Italy reports stem-cell achievement

June 29, 2006

Italian scientists say the stem cells they extracted from "virgin birth" embryos are capable of turning into neurons.

The University of Milan researchers said the embryos were produced by a process called parthenogenesis, which allows eggs to develop without being fertilized.

The technique might allow embryonic stem cells to be produced without having to destroy an early stage human embryo made by fertilizing eggs with sperm, the Brisbane (Australia) Herald Sun reported.

Human "parthenotes" -- embryos made by parthenogenesis -- normally never develop beyond a few days. But the Italian researchers created parthenotes that divided and formed immature embryos called blastocysts, New Scientist magazine reported. They subsequently obtained stem cells from the embryos and grew them in the laboratory, demonstrating the cells can differentiate into mature neurons.

Monash University stem-cell expert Dr. Alan Trounson told the Herald Sun: "This is the first example I have seen of this in humans, and it is potentially very exciting. It could be a source of embryonic stem cells that's not embryonic in the conventional sense."

The findings were presented last week in the Czech Republic, during the annual meeting of the European Society for Human Reproduction and Embryology.

Copyright 2006 by United Press International

Explore further: Researchers launch atlas of developing human brain

Related Stories

Researchers launch atlas of developing human brain

December 7, 2017
The human brain has been called the most complex object in the cosmos, with 86 billion intricately interconnected neurons and an equivalent number of supportive glial cells. One of science's greatest mysteries is how an organ ...

Beating heart patch is large enough to repair the human heart

November 28, 2017
Biomedical engineers at Duke University have created a fully functioning artificial human heart muscle large enough to patch over damage typically seen in patients who have suffered a heart attack. The advance takes a major ...

Innovative genetic and cellular techniques help identify multiple disease targets

November 12, 2017
Research released today highlights advances in the use of CRISPR-Cas9 and human induced pluripotent stem cell technologies to identify novel therapeutic targets for neurological disorders such as schizophrenia and addiction. ...

Schizophrenia originates early in pregnancy, 'mini-brain' research suggests

November 20, 2017
Symptoms of schizophrenia usually appear in adolescence or young adulthood, but new research reveals that the brain disease likely begins very early in development, toward the end of the first trimester of pregnancy. The ...

Genome editing reveals role of gene important for human embryo development

September 20, 2017
Researchers have used genome editing technology to reveal the role of a key gene in human embryos in the first few days of development. This is the first time that genome editing has been used to study gene function in human ...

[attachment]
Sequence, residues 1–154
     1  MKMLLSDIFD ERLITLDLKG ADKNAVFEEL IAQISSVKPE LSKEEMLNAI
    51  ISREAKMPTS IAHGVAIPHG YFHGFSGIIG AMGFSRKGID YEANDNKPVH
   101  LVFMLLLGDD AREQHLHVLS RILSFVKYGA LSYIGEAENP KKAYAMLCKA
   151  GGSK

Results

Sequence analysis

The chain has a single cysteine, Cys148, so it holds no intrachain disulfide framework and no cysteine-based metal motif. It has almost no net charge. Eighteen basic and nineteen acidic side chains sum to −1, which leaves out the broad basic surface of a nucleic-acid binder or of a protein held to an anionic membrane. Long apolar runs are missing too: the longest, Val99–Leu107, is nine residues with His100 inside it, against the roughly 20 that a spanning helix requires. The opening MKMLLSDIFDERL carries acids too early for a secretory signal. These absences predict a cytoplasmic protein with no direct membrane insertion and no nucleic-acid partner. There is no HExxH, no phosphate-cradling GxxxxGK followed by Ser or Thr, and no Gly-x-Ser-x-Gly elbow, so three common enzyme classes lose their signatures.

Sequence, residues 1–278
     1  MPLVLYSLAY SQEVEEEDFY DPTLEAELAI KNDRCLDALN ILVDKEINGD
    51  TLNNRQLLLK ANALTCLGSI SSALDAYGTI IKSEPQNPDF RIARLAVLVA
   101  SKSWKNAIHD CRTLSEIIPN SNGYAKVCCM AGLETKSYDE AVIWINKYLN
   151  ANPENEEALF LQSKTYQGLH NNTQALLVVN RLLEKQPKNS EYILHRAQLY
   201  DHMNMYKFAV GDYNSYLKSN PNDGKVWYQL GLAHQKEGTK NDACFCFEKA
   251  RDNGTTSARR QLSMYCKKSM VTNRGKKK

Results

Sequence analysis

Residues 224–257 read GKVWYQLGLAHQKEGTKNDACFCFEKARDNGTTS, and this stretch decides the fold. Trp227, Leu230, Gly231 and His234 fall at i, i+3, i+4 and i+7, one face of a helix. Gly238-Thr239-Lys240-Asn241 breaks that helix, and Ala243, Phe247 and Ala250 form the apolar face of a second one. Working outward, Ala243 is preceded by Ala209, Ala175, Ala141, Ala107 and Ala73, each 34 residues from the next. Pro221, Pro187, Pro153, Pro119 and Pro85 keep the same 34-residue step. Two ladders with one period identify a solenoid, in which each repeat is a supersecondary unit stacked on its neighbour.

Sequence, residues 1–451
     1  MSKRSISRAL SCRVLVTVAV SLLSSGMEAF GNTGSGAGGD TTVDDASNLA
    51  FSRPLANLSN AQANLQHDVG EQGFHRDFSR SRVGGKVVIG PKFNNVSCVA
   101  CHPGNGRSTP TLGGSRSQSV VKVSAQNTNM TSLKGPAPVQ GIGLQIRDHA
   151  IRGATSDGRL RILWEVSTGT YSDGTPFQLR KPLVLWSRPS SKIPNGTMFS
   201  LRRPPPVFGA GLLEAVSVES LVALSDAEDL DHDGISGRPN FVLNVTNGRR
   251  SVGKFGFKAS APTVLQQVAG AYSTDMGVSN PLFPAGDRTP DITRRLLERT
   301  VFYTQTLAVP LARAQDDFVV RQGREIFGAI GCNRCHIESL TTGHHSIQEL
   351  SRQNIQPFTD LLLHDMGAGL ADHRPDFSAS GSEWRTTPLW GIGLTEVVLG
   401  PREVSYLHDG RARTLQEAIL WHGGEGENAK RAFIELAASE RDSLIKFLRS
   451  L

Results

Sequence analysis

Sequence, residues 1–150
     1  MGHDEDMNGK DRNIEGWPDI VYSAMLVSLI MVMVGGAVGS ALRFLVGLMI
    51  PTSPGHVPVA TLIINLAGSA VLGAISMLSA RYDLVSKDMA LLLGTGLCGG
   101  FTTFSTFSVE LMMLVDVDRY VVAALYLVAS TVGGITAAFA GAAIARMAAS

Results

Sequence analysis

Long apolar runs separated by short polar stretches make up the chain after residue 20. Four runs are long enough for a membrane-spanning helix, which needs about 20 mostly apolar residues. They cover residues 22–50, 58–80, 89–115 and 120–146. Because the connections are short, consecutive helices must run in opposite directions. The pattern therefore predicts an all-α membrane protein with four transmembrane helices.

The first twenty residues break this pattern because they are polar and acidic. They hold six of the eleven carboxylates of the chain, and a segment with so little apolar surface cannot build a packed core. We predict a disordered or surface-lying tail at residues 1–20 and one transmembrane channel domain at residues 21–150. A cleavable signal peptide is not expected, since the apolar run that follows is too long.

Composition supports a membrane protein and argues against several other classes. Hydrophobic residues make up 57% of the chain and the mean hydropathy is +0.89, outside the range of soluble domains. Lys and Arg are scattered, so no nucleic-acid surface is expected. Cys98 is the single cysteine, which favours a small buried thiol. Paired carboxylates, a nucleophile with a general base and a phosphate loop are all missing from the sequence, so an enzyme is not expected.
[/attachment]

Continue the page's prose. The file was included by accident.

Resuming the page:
Research redefines proteins' role in the development of spinal sensory cells

September 19, 2017
A recent study led by Samantha Butler at the Eli and Edythe Broad Center of Regenerative Medicine and Stem Cell Research at UCLA has overturned a common belief about how a certain class of proteins in the spinal cord regulate ...

Recommended for you

Dementia with Lewy bodies: Unique genetic profile identified

December 15, 2017
Dementia with Lewy bodies has a unique genetic profile, distinct from those of Alzheimer's disease or Parkinson's disease, according to the first large-scale genetic study of this common type of dementia.

Our memory shifts into high gear when we think about raising our children, new study shows

December 15, 2017
Human memory has evolved so people better recall events encountered while they are thinking about raising their offspring, according to a new study conducted by researchers at Binghamton University, State University of New ...

What does hair loss have to teach us about cancer metastasis?

December 15, 2017
Understanding how cancer cells are able to metastasize—migrate from the primary tumor to distant sites in the body—and developing therapies to inhibit this process are the focus of many laboratories around the country. ...

Screening could catch a quarter of hip fractures before they happen

December 15, 2017
Community screening for osteoporosis could prevent more than a quarter of hip fractures in older women - according to new research led by the University of East Anglia (UEA).

Cancer immunotherapy may work better in patients with specific genes

December 15, 2017
Cancer cells arise when DNA is mutated, and these cells should be recognized as "foreign" by the immune system. However, cancer cells have found ways to evade detection by the immune system.

New cellular approach found to control progression of chronic kidney disease

December 15, 2017
Researchers have demonstrated for the first time that extracellular vesicles - tiny protein-filled structures - isolated from amniotic fluid stem cells (AFSCs) can be used to effectively slow the progression of kidney damage ...

0 comments

Please sign in to add a comment. Registration is free, and takes less than a minute. Read more

Click here to reset your password.
Sign in to get notified via email when new comments are made.